I thought liberation theology was a thing of the past, I know John Paul II came down fairly hard on it, so it is somewhat surprising that it has surfaced again with the recent beatification of Archbishop Romero.

    I was reading up on liberation theology and came across this article on which might be of interest. I know nothing about the author, but the article gave a decent overview of the subject. This section caught my attention because I thought it described quite accurately how proponents of social justice=liberation theology tend to portray Christ.

    “”While liberation theologians do not outright deny Christ’s deity, there is no clear-cut, unambiguous confession that Jesus is God. The significance of Jesus Christ lies in His example of struggling for the poor and the outcast. The Incarnation is reinterpreted to represent God’s total immersion into man’s history of conflict and oppression. By His words and actions, Jesus showed us how to become true sons of God – that is, by bringing in the kingdom of God through actively pursuing the liberation of the oppressed”.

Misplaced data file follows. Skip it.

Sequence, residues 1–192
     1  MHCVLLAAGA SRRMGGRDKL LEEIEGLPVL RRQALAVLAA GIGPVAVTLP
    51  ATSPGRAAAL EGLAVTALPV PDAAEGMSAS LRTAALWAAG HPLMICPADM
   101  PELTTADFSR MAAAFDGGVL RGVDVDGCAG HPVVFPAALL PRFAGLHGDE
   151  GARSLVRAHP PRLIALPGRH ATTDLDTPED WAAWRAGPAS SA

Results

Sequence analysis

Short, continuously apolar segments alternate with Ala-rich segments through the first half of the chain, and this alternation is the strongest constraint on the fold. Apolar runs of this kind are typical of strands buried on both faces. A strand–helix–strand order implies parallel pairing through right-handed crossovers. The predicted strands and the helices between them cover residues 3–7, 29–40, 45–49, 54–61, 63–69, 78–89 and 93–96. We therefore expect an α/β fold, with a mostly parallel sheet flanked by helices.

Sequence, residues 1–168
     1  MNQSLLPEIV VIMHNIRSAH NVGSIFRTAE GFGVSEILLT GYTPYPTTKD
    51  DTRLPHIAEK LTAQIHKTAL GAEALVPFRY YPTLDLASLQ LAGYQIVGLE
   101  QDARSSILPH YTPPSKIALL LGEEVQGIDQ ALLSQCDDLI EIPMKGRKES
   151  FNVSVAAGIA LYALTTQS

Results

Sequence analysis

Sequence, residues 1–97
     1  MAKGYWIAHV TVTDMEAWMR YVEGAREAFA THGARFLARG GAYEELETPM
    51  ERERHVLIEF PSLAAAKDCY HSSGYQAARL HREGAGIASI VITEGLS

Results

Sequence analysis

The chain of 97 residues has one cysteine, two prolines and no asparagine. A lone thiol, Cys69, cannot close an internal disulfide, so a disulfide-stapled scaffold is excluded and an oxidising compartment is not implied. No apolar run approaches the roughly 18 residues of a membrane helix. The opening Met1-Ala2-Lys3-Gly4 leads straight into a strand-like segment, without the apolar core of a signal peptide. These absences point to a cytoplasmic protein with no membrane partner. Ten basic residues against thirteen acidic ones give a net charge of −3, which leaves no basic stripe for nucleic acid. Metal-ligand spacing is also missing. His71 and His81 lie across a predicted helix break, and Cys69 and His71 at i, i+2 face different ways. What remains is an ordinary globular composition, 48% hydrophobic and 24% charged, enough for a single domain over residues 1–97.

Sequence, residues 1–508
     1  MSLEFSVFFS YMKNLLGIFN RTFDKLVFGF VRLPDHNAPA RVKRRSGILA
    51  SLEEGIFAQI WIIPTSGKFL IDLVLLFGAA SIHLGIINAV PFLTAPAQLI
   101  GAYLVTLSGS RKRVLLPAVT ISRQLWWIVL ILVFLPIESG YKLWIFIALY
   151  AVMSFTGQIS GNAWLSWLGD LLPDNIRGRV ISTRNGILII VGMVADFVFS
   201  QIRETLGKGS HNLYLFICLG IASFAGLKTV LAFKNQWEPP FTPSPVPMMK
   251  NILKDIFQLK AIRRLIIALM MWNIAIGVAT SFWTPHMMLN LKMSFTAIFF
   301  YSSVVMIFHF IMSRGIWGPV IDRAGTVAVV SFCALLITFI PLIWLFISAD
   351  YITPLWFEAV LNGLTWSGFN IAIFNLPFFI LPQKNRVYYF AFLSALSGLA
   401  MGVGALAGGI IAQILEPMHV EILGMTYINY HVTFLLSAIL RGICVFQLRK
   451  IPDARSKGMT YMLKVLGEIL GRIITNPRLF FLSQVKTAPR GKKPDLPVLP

February 5, 2015 at 4:25 pm
    • Margaret Mary


      That’s an excellent summary of what liberation theology is all about. It’s really a justice and peace movement, nothing more.

      February 5, 2015 at 4:50 pm
  • editor

    I think this (see below) is a very telling report – a priest who switched from being agin his new archbishop (Romero) to the point where he wanted to leave the archdiocese on hearing of his appointment, then changing his mind on realising he’d left his “conservative” ways behind..

    “Fr. Paul Schindler recalls an Oscar Romero who once sat beside him trembling. It was Romero’s first encounter with a group of priests who were furious at the just-announced news that he would be their new archbishop. It was the monthly clergy meeting in early 1977 for the San Salvador archdiocese and at the end, Romero — who hadn’t yet been installed — was asked if he’d like to say a few words.